• Early Algebra is Not the Same as Algebra Early
    Carraher, D.W., Schliemann, A.D. & Schwartz, J. (2007). Early algebra is not the same as algebra early. In J. Kaput. D. Carraher, & M. Blanton (Eds.), Algebra in the Early Grades. Mahwah, NJ, Erlbaum, pp. 235-272
  • Ten-year-old Students Solving Linear Equations
    Brizuela, B.M.,& Schliemann, A.D. (2004). Ten-year-old students solving linear equations. For the Learning of Mathematics, 24, 2, 33-40
  • Algebra in Early Mathematics: A Longitudinal Intervention
    Carraher, D.W., Schliemann, A.D., & Brizuela, B.B. (2008). Algebra in Early Mathematics: A longitudinal Intervention. Paper presented at the 11th International Congress on Mathematical Education. Monterrey, Mexico, July, 6-13.
  • Algebra in Elementary School
    Schliemann, A.D., Carraher, D.W., Brizuela, B.M., Earnest, D., Goodrow, A., Lara-Roth. S. & Peled, I. (2003). Algebra in elementary school. In N. Pateman, B. Dougherty, & J. Zilliox (Eds.) Proceedings of the 2003 Joint Meeting of PME and PME-NA. CRDG, College of Education, University of Hawai'i: Honolulu, HI, Vol. 4, pp. 127-134.

Finally, if you would like to have one of us visiting your school, we will be happy to give a presentation on our work at your school.

To Parents:
If you would like to help your children develop a better understanding of the arithmetic they are learning at school, our lesson plans include problems that you could ask them to work on. You should also read the paper by Carraher, D.W., Schliemann, A.D., & Brizuela, B.B. (2001). Algebra in the Early Grades. Hands On!, Spring 2001, Vol. 24, No. 1, 8-11: It describes how we implemented some lessons and show how the students responded to them. This will help you in discussing the problems with your children. Our Frequently Asked Questions link may also answer some of your questions.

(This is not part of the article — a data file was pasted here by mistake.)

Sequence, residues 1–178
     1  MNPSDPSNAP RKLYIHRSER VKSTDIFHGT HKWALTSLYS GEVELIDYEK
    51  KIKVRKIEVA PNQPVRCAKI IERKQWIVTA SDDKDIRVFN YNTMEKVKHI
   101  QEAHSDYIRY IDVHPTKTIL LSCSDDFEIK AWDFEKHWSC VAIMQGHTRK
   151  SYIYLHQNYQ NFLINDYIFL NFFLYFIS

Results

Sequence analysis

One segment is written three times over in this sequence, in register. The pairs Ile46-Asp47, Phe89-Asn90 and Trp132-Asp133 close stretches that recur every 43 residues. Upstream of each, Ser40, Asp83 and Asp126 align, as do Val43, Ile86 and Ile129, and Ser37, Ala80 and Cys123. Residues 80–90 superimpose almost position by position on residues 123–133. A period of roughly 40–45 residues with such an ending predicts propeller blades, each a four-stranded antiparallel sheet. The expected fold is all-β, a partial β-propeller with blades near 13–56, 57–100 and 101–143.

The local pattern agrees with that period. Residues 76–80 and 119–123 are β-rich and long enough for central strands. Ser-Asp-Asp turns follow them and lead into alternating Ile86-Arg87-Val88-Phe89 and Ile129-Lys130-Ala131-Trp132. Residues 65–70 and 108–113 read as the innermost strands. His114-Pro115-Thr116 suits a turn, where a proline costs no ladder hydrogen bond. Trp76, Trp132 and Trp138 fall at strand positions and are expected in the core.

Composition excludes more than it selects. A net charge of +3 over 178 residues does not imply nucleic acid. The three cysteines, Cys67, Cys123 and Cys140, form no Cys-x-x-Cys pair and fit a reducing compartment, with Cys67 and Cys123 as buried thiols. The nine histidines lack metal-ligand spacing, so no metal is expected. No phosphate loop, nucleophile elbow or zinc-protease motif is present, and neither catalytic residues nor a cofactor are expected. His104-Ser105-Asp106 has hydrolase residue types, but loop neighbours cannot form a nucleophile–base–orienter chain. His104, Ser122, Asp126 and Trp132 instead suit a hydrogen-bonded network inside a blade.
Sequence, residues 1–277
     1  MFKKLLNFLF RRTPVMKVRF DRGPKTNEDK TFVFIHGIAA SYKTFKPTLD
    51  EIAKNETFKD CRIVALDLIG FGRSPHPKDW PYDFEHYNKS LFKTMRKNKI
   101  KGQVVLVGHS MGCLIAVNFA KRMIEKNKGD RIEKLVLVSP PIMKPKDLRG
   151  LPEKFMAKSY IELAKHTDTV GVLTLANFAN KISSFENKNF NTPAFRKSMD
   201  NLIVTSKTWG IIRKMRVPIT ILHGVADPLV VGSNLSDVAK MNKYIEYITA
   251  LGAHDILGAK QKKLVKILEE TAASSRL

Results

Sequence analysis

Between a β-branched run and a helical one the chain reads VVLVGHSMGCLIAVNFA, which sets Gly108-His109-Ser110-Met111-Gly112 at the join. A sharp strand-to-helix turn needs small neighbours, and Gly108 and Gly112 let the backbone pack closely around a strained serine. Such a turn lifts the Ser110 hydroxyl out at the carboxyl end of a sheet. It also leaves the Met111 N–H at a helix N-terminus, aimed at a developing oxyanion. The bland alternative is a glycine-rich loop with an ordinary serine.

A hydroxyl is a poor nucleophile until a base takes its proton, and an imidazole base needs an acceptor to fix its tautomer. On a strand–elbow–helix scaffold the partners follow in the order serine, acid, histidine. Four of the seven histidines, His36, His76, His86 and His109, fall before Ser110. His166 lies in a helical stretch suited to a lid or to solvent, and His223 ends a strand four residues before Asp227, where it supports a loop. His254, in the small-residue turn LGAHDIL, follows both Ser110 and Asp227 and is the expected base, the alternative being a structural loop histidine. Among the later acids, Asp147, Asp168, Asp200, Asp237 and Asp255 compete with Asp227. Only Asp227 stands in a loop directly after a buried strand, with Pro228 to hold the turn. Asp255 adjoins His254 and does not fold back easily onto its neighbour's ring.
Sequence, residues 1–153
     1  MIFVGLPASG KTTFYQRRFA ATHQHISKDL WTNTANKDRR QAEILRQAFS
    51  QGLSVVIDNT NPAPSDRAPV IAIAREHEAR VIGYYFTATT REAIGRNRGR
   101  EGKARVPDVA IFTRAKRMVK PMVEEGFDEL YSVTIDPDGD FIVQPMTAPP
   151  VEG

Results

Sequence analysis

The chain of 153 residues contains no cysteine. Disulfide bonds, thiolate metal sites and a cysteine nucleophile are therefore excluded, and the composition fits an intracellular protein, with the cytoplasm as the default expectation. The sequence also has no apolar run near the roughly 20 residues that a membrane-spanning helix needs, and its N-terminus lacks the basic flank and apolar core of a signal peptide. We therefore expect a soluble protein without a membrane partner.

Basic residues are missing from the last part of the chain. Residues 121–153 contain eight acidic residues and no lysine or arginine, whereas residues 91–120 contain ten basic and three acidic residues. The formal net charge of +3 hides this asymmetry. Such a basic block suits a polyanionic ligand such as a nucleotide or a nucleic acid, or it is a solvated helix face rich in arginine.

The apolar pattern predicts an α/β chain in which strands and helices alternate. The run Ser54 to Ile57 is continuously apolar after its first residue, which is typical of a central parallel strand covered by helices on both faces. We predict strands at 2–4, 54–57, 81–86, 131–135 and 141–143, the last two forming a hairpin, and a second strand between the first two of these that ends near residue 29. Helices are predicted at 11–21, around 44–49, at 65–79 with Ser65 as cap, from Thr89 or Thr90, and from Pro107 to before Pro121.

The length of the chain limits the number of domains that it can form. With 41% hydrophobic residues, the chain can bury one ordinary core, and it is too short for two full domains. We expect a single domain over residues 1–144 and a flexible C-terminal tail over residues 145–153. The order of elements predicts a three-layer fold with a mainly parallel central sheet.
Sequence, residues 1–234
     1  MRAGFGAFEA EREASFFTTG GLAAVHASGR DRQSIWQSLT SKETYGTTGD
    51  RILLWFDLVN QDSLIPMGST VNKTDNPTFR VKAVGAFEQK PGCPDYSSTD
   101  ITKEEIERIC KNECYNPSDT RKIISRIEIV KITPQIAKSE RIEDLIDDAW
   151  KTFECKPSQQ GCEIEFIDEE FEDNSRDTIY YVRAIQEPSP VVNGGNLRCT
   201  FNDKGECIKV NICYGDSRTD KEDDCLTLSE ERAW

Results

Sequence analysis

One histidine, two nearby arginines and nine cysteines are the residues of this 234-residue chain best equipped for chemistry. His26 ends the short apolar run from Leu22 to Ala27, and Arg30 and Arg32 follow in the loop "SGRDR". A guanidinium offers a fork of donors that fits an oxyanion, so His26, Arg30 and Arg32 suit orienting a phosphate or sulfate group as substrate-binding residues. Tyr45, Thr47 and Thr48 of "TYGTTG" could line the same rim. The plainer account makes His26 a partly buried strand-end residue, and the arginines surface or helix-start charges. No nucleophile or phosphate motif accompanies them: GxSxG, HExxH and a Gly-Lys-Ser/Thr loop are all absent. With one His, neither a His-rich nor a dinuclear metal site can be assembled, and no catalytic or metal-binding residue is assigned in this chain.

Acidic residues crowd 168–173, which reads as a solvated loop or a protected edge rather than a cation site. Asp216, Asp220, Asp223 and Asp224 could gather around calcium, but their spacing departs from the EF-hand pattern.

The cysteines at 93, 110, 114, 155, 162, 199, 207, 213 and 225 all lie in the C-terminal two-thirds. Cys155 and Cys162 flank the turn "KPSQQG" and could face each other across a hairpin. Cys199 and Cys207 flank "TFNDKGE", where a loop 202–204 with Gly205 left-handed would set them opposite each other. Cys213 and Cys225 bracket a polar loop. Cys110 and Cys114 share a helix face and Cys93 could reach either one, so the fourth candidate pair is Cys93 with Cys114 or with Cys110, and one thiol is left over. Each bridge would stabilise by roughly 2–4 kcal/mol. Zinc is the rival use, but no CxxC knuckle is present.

To Policy Makers and Administrators:
The best way to decide what is best for schools is to know about the results of classroom interventions that carefully monitors students’ progress.  Our research shows how young children’s achievements after they participated in our intervention program.  Of interest to policy makers are the following papers:

  • Algebra in Early Mathematics: A Longitudinal Intervention
    Carraher, D.W., Schliemann, A.D., & Brizuela, B.B. (2008). Algebra in Early Mathematics: A longitudinal Intervention. Paper presented at the 11th International Congress on Mathematical Education. Monterrey, Mexico, July, 6-13.
  • Algebra in Elementary School
    Schliemann, A.D., Carraher, D.W., Brizuela, B.M., Earnest, D., Goodrow, A., Lara-Roth. S. & Peled, I. (2003). Algebra in elementary school. In N. Pateman, B. Dougherty, & J. Zilliox (Eds.) Proceedings of the 2003 Joint Meeting of PME and PME-NA. CRDG, College of Education, University of Hawai'i: Honolulu, HI, Vol. 4, pp. 127-134.

To Curriculum Developers:
Our Materials section displays a wealth of early algebra lesson plans that could be inspire the development of elementary mathematics curricula.  Our research papers in the Publications section will provide the foundations for early algebra curricula.